This item was published during the term of a previous administration that ended in April 2007
Antonine Wall to be World Heritage Site?
The Antonine Wall has been nominated to become a World Heritage Site as part of an initiative involving three other European countries.
Scotland, Austria, Germany and Slovakia have all signalled their intention to nominate local sections of the Roman occupation for World Heritage Status.
The United Nations Education, Science and Culture Organisation (UNESCO) is looking at a proposal to take forward the separate nominations under one name 'European Frontiers of the Roman Empire'.
This is the first time there has been a multi-country bid made for World Heritage status. If the European proposal is successful it is hoped that the African and Asian nations with Roman frontiers would seek inclusion.
Deputy Culture Minister Elaine Murray said:
"This is excellent news for the Antonine Wall, the best preserved frontier in the whole Roman Empire after Hadrian's Wall.
"It is remarkable that these earthworks, constructed some 2,000 years ago, have survived so well. World Heritage Site status should ensure their survival for many years to come and emphasise the history we share with our European neighbours.
"Scotland's wealth of culture is a major draw for tourism, our biggest industry. Our world class natural and culture heritage is essential in maintaining and improving our share of the tourism market, and we are committed to ensuring it remains in good condition and receives the recognition it deserves."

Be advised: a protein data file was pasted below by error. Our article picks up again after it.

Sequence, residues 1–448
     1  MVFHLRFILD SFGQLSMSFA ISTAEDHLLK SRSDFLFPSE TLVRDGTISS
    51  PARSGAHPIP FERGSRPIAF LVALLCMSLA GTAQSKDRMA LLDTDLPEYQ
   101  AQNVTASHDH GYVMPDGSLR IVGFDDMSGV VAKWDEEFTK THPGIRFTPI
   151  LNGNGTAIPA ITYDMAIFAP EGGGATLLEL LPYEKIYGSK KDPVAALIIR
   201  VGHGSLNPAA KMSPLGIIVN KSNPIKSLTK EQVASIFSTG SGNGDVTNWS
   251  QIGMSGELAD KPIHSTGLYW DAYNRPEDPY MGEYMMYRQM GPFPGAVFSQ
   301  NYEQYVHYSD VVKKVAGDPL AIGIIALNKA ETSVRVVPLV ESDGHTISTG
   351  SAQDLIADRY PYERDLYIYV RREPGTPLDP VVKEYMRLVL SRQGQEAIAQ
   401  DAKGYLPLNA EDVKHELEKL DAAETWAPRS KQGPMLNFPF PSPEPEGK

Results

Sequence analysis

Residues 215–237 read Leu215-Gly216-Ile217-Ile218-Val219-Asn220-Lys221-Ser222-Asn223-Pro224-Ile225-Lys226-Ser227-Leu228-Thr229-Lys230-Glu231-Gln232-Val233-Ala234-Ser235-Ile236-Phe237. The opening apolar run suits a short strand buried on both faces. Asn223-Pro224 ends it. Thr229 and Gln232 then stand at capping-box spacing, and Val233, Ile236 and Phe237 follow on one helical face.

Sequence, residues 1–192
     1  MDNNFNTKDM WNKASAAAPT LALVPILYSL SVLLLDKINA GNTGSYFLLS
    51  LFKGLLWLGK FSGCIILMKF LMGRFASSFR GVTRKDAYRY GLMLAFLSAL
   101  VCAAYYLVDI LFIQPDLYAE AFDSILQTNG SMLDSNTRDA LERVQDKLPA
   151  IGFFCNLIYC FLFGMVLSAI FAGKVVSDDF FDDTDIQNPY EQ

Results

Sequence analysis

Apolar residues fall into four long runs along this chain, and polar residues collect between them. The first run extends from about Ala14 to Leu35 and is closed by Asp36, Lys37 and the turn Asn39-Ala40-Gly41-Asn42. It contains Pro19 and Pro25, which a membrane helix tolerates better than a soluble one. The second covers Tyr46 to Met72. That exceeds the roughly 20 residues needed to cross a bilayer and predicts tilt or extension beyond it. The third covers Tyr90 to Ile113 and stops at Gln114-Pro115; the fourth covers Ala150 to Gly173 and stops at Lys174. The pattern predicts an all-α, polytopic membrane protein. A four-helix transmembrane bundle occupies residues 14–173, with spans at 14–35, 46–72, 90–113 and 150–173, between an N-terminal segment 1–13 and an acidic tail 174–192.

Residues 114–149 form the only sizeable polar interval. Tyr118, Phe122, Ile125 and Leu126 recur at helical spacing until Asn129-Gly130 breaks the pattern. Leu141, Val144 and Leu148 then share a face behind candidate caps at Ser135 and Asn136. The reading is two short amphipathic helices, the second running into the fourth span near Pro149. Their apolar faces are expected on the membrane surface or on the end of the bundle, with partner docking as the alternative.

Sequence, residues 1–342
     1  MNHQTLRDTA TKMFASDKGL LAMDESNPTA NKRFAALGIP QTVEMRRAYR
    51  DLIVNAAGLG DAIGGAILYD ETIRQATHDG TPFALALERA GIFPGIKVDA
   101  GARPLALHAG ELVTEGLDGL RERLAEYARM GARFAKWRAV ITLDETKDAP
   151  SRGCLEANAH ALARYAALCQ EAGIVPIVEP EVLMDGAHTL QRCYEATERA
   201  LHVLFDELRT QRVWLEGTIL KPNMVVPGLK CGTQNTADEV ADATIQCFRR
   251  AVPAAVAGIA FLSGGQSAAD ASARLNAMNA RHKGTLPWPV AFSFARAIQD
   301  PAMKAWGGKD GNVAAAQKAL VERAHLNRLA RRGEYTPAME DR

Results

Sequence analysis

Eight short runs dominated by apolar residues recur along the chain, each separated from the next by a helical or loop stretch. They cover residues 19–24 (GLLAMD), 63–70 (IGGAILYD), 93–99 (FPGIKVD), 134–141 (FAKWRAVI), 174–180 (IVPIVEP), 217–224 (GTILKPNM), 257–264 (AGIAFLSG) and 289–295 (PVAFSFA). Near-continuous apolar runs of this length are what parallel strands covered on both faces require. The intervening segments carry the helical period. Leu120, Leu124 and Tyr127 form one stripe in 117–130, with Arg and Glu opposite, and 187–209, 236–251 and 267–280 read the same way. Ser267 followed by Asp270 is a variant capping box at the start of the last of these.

The Antonine Wall stretches from Old Kirkpatrick on the Clyde to Bo'ness on the Forth and is 37 miles in length.
It was built on the orders of the Emperor Antoninus Pius following the re-conquest of Southern Scotland by his army in 140-142 A.D.
The 'wall' consists of a turf rampart on a stone base, fronted by a wide and deep ditch. Forts linked by a road, were built at roughly two-mile intervals. The Antonine Wall was only occupied for a generation, being abandoned soon after 160 A.D. About two-thirds of the Wall survives today, the rest has been lost to housing, factories and roads.
Four miles of the Antonine Wall and four forts are in the care of Scottish Ministers and looked after by Historic Scotland.
Scotland currently has four World Heritage Sites (WHS). The Heart of Neolithic Orkney, St Kilda Archipelago, Edinburgh Old and New Towns, and New Lanark.
Hadrian's Wall in England is already a World Heritage Site designated in 1988. There are only 600 WHSs across the world.